Author: Don

Moulded wing #2

Weight of wing #2 is 335 g. Hack-sawed in half to inspect internal hollow structure.
Hollow channels form structural shear-webs, and are also suitable for threading cables.

I am still experimenting with alternative layups and infusion procedures. Wing #3 was a failure.

Moulded Wing #1 !!

Hot from the mould: a port wing!
#1 a surprise success after infusion mishaps! It has many flaws but is actually usable! Weight is 561 grams. Potentially only 250 grams with these materials and methods. So there’s scope for improvement by using far less resin: The skin is already extremely thin, enough to meet the 250 gram target.

The bad news: There is no mould yet for a starboard wing. And the port mould took a year to make! Who can afford CNC machining?

First wing-mould vacuum!

The test-wings are too expensive, and unnecessarily heavy, to be suitable for production. We expect to crash a few prototypes! So our plan is to make carbon-fibre moulded copies of the test-wings. I have made a mould for the port wing (unsealed below), and it has held a vacuum gauge steady for 54 hours now: I think the seal is excellent. So far so good, but an awful lot of work remains to test convenience of a moulding cycle. And first, I need to reinforce to mould to withstand the pressure when empty. I ran this test with the wing plug inside to support it against the air-pressure load.

See the vacuum test at

Second test of 5-blade variable-pitch rotor

Rotor diameter is 410 mm. Revised elastic tailoring.

Results of a second test of the 5-blade variable-pitch rotor
Rotor diameter is 410 mm.

Elastic tailoring is 20% more compliant than in the first test, to give 3 degrees more blade pitch-up at maximum torque.
Elastic elements of different spec. are easily swapped.

This test shows rotor speed levelling out at around 3500 RPM as lift continues to increase with power due to increasing blade pitch.

The batteries hold up better than in the previous test. I don’t know why. Perhaps they needed a rest!

First test of 5-bladed variable-pitch rotor

Ready for first test mounted on measurement rig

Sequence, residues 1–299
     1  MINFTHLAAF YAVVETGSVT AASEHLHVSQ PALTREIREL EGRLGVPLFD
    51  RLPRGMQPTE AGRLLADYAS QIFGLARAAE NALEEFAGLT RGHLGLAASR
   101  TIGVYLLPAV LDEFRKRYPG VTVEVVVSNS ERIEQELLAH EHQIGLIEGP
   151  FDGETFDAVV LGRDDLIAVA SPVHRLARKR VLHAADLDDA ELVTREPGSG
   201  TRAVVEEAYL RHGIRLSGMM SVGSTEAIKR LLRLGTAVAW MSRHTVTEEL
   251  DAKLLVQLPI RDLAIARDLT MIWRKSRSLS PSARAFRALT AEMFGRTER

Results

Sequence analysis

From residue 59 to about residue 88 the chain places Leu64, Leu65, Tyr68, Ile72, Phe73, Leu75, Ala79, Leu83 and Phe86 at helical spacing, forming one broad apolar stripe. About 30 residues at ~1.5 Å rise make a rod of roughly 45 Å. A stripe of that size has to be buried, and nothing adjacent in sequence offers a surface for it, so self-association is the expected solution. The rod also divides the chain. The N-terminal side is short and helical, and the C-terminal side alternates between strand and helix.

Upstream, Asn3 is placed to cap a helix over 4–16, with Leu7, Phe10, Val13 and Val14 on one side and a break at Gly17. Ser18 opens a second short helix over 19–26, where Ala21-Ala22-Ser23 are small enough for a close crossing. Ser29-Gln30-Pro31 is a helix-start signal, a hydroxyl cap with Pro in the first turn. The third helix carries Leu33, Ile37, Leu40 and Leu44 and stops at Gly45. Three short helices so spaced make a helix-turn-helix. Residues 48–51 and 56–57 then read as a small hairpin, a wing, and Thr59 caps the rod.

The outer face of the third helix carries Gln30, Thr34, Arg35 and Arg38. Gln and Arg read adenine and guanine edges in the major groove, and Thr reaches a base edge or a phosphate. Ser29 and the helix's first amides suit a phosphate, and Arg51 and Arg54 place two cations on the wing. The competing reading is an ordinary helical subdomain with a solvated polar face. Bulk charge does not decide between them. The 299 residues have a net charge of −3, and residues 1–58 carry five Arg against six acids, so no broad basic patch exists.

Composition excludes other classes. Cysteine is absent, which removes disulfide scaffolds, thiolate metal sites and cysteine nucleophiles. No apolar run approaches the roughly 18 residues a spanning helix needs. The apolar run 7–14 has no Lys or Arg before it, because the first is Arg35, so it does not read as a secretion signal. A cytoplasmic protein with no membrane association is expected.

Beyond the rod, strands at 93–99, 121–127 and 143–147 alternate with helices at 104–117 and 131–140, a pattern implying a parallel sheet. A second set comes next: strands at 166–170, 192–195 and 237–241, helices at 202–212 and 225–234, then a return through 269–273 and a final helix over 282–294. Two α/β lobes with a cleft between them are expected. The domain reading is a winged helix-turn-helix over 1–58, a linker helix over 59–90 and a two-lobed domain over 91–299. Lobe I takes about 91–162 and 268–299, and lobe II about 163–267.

See a video of this test at

Test range limited by maximum 190 watts from battery.

The advantages of this design are

1) Extremely quick response. A conventional drone must spin each rotor faster to get more lift, for example to counter a random wind gust.
A drone or aircraft with far quicker response could be used in new ways, such as very close to structures in windy conditions.

2) Low vibration in forward flight. Each lift-rotor blade generates more lift when advancing than when retreating, but in a 5-bladed design, the forces cancel.

3) Low noise. For the same lift and diameter, 5-blades run slower and consequently quieter than 2-blades.

4) Auto-rotation by default. For safety and simplicity, the default blade pitch is negative when not powered. The blade pitch range is readily adjustable to suit application requirements.

Testing the Mk2 2-bladed rotor

Some test results are shown here.  The current plan is to build and test a 5-bladed version.  Although this will be more expensive than the 2-bladed version, the advantages for achieving our goals are decisive. 

  1.   To allow the elimination of ailerons by instead using slowly auto rotating  lift-rotors, without a vibration roadblock.
  2.  To reduce rotor noise, by reducing aerodynamic pressures. The vehicle should be as quiet as possible.

Mk 2 rotor

A revised lift-rotor is being made. The original test rotor works well, but was difficult to make. The Mk 2 is intended to be more suitable for production, but is functionally the same.

A new hub body was 3-d printed, and is also intended to be suitable for injection moulding.
But I do not know any supplier who can print suitable plastic to 0.05 mm repeatable accuracy. Any suggestions? So re-finishing of bearing seats has been necessary.

JTC Model Technologies have supplied excellent  prototype aluminium components and steel broaching tools for the new rotor. Their parts fit beautifully,  they are very helpful, and Alice has first-rate command of technical English. So it doesn’t matter that I have zero command of Chinese!

Earlier, JTC Model Technologies also machined wing mounts from blocks of ABS. Although there was some post-machining distortion, these proved to be an excellent way to quickly mount the wings for testing. Strong enough to hold 20 kg  of lift plus road shocks and wind-gusts!

Making Fuselages – a beginning

Fusilage plug in ASA plastic

The picture shows a half-mould plug expertly printed in ASA plastic by Steve at Reality Printing, Toowoomba, QLD, Australia.  The print is nearly 1m long, printed in 3 sections with an alignment grove on the back.  ASA plastic was chosen to withstand the curing temperature of a glass-reinforced mould.

This plug is an exact scale model of the fuselage shown in the home page image. We need to polish the plug and use it to make a mould for fuselages of model drones.  Tail length and access hatches may be customized later.